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Faculty Question Administrators over Rejection of Michelle Jones

Lehman Hall is the main building for the Harvard Graduate School of Arts and Sciences.
Lehman Hall is the main building for the Harvard Graduate School of Arts and Sciences. By Jessica M. Wang
By Joshua J. Florence and Mia C. Karr, Crimson Staff Writers

Interim Dean of the Graduate School of Arts and Sciences Emma Dench said there was nothing “unusual” about Harvard’s decision to not admit Michelle Jones, a formerly incarcerated scholar whose rejection from the History department’s Ph.D. program gained national attention earlier this year.

At Tuesday's meeting of the Faculty of Arts and Sciences, Anthropology professor Rowan K. Flad took the microphone during the open question period to ask why Jones, who served over twenty years in prison, was not admitted to Harvard. Jones’s application was the subject of a story published in the Marshall Project, which covers criminal justice issues, and the New York Times last month. The story prompted more than 150 professors to sign a letter condemning the decision to reject Jones.

Flad asked how often the Graduate School of Arts and Sciences overruled departmental decisions on Ph.D. candidates and if GSAS typically considers criminal history when making admissions decisions.

“As I understand it, a recommendation of admission by the department of History was not accepted in this case by the GSAS dean, but an explanation for why the recommendation was not accepted has not been given, as far as I know, although an explanation has been requested,” Flad said.

University President Drew G. Faust directed the question to Dench, who did not have administrative oversight of GSAS at the time of Jones application; Permanent GSAS Dean Xiao-Li Meng, who oversaw the admissions process, began a sabbatical this academic year. Dench said she did not know why Jones was not admitted, and a spokesperson for Meng declined to comment on Jones’s application.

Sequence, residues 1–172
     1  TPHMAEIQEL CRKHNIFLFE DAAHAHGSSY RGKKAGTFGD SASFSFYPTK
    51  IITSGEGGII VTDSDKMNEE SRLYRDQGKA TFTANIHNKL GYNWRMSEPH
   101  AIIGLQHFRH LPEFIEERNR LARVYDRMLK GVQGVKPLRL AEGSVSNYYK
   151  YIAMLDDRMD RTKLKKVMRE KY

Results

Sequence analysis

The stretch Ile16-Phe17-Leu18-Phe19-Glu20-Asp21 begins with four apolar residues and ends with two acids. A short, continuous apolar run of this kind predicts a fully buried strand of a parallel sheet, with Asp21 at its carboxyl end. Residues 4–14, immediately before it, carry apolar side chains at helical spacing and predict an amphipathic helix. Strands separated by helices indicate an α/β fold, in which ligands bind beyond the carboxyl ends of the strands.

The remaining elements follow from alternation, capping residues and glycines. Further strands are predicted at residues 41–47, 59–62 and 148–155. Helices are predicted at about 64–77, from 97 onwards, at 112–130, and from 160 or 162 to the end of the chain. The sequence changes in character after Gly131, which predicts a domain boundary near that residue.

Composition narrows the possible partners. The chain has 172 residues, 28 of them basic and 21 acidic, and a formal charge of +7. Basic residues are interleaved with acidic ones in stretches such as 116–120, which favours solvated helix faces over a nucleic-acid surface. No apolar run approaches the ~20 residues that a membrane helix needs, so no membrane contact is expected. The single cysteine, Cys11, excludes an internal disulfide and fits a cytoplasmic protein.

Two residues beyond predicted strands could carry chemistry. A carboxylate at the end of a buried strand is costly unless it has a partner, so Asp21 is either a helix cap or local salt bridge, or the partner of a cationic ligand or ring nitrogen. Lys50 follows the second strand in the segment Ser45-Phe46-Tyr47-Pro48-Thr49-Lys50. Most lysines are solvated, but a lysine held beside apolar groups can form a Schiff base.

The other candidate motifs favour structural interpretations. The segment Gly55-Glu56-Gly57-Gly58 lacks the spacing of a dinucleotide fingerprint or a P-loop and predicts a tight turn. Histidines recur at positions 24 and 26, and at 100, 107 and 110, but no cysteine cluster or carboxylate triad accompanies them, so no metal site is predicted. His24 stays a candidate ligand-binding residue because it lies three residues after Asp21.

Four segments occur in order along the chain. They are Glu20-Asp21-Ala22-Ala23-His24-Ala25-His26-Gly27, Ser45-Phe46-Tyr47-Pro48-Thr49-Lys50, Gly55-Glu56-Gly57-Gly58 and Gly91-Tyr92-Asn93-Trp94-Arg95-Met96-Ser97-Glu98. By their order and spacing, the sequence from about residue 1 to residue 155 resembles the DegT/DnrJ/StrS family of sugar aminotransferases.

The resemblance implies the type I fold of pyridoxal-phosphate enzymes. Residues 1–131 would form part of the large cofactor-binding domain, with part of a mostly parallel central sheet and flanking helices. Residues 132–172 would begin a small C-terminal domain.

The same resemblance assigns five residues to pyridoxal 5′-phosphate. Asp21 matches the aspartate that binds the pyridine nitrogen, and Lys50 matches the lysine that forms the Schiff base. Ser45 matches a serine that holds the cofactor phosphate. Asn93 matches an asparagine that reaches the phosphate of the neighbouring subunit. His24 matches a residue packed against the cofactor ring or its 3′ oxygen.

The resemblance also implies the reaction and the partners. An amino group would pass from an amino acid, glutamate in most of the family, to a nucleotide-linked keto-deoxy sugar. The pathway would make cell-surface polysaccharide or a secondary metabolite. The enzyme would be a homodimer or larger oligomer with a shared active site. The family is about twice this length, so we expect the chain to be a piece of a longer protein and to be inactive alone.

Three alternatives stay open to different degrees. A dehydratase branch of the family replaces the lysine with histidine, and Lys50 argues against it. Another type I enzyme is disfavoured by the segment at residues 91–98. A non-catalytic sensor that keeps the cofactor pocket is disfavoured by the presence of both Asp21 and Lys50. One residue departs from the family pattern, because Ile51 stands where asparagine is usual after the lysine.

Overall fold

Dench said she worried that the recent press coverage surrounding Jones’ application has created a breach of privacy for the University. Harvard does not discuss the status of any applicant past or present.

“I think one of the disturbing aspects of the fallout from the New York Times article has been the disclosure of very confidential details which put our whole process in peril,” Dench said.

Flad said that he has heard three speculative reasons why Jones wasn’t admitted: the administration was “concerned more about the optics of admitting an applicant with a criminal past,” GSAS didn’t believe Jones was prepared for the program, or that Jones did not adequately disclose her criminal history on her application.

“As if any of our Ph.D. applicants detail in full all aspects of their past,” he said.

Dench responded by saying that there was nothing “unusual” about the process by which Jones was not selected for admission.

"I think it’s possible to have the absolutely wrong impression that the lists are rubber-stamped, which I can assure you they are not,” she said, referring to departmental selections for Ph.D. candidates.

In regards to Flad’s second question, Dench said that past incarceration alone would not preclude a candidate from being accepted.

—Staff writer Joshua J. Florence can be reached at Follow him on Twitter @JoshuaFlorence1.

–Staff writer Mia C. Karr can be reached at Follow her on Twitter @miackarr.

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